Philippine smartphone shipments fall 7% in 2017

Font Size


PHILIPPINE smartphone shipments declined by 7% to about 15 million units in 2017, the International Data Corp. (IDC) said.

The market intelligence firm said that smartphone shipments declined for the first time since their introduction due to “intense competition” from top brands, such as Samsung, Oppo, and Vivo, which resulted in some vendors exiting the market.

IDC added that the average selling price of smartphones in the Philippines rose 13% year on year to $134, though Philippines remained among the most price-sensitive markets in Asia-Pacific.

“A clear trend has recently emerged in the Philippine smartphone market where end-users are shifting to handsets with higher specs and better features,” IDC said.

However, ultra low-end smartphones (selling for less than $100) still led in terms of market share, accounting for 59% of smartphones in 2017 (against 67% in 2016).

Meanwhile, the combined share of low-end (selling for between $100 and $200) and midrange (between $200 and$400) smartphones grew to 35% in 2017 from 28% in 2016.

IDC said that Samsung, as well as Chinese brands such as Oppo and Vivo which were strong in their marketing campaigns, were the key brands that led to the rise of the low-end and midrange segments in 2017.

“Heavy marketing campaigns and lucrative sales promoter incentives enabled these brands to strengthen their mindshare in the local market, increase their shipments, and grow their respective market shares. The assault of these brands affected the sales of some of the players, resulting in them reducing their supplies, which ultimately impacted overall smartphone shipments,” Jensen Ooi, Senior Market Analyst, Client Devices, IDC ASEAN, said in a statement.

4G smartphones gained traction with a 54% share, while Android market share in the Philippines was estimated at 97%.

In terms of brands, Cherry Mobile led with a 21% share; other brands combined for 42% of the market, with Samsung taking up 12%; MyPhone 11%; Oppo 8%; and Asus 5%.

IDC said that phablets or “phone tablets” with a screen size of between 5.5 and 7 inches recorded significant growth in recent years, accounting for about a quarter of smartphone shipments in 2017. “As mobile content continues to grow, smartphones have become the primary device for basic productivity and everyday media consumption, and this fuels the need for larger screens and higher specs,” Mr. Ooi added.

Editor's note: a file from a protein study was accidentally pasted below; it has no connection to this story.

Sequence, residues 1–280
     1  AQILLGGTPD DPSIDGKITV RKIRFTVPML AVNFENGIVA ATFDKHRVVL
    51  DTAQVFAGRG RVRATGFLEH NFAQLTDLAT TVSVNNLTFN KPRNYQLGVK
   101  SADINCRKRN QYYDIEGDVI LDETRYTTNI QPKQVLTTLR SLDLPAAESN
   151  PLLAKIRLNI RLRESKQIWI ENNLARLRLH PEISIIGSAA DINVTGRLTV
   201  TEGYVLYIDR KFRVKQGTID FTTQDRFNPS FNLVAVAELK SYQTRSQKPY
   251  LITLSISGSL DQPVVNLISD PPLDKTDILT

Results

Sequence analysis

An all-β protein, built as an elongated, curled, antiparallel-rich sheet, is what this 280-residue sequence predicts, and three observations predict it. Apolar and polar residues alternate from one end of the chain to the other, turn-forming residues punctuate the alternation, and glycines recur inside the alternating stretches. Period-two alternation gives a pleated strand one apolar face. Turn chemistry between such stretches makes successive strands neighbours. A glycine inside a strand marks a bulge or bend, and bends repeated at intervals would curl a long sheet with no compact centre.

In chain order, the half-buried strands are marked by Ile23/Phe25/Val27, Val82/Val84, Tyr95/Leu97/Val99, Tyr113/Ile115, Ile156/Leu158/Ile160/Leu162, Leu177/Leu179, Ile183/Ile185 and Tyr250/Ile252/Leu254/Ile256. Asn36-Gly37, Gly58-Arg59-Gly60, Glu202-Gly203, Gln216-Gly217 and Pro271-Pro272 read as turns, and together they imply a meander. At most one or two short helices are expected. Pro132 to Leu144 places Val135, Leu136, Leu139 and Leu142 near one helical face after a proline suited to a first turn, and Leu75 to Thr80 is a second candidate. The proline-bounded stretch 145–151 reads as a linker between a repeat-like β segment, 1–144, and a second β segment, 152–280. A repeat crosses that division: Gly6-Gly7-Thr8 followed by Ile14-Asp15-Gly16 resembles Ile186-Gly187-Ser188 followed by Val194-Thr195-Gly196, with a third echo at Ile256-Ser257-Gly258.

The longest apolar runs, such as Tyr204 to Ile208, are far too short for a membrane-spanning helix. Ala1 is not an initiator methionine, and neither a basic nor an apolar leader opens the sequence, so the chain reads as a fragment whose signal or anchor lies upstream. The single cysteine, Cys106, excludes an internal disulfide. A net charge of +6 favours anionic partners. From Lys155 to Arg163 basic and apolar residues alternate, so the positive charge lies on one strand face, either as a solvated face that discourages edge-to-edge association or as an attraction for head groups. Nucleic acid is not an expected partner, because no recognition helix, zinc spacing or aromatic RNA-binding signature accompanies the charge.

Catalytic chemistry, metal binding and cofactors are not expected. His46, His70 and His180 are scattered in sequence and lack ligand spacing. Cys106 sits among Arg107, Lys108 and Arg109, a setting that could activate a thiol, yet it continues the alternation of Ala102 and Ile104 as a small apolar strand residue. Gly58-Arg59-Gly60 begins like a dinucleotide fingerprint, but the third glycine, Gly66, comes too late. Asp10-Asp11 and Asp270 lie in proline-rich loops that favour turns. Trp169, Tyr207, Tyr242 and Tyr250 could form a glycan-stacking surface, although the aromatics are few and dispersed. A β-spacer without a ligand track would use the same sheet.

In the personal computer (PC) market, IDC said that the Philippines is “among the few remaining bright spots” for traditional PCs in the Asia-Pacific.

“Over the past five years, the Philippine PC market has been growing at a compound annual growth rate (CAGR) of 3%, while its ASEAN neighbors have been declining at CAGRs of around -3% to -12%,” IDC said.

This could be primarily driven by the country’s slow technology adoption, but in the recent years, the mobile working trend and large millennial Filipino population are also driving traditional PC adoption to higher levels.

PCs are still popular in the Philippines despite the rise of smartphones, for users with heavy workloads and higher-level entertainment needs.

“Despite smartphones having drawn away a portion of consumer demand in recent years, desktop and notebook PCs remain viable personal computing devices, especially for heavy workloads and higher-level entertainment,” said Sean Paul Agapito, Associate Market Analyst, Client Devices, IDC Philippines, said in a statement.

Laptops have overtaken desktops, with the latter being used for commercial and gaming purposes.

IDC said competition for smartphones will strengthen next year, with popular brands trying to cement their status and local brands struggling.

“We expect smartphone vendors to continue shipping in more phablets and equipping their new models with enticing features, such as dual cameras, thin bezels, and on-device artificial intelligence,” Mr. Ooi said.

The Philippine PC market is expected to grow in the coming years with the popularity of PC gaming and esports, the rise of telecommuting, and shift toward digital learning/education.

“As the Philippine economy matures, Internet services and coverage improve, and more Filipinos realize the potential of the Internet beyond social interaction – such as for education, work, and business among others – demand for PCs in the country is expected to grow even further,” Mr. Agapito said. — Patrizia Paola C. Marcelo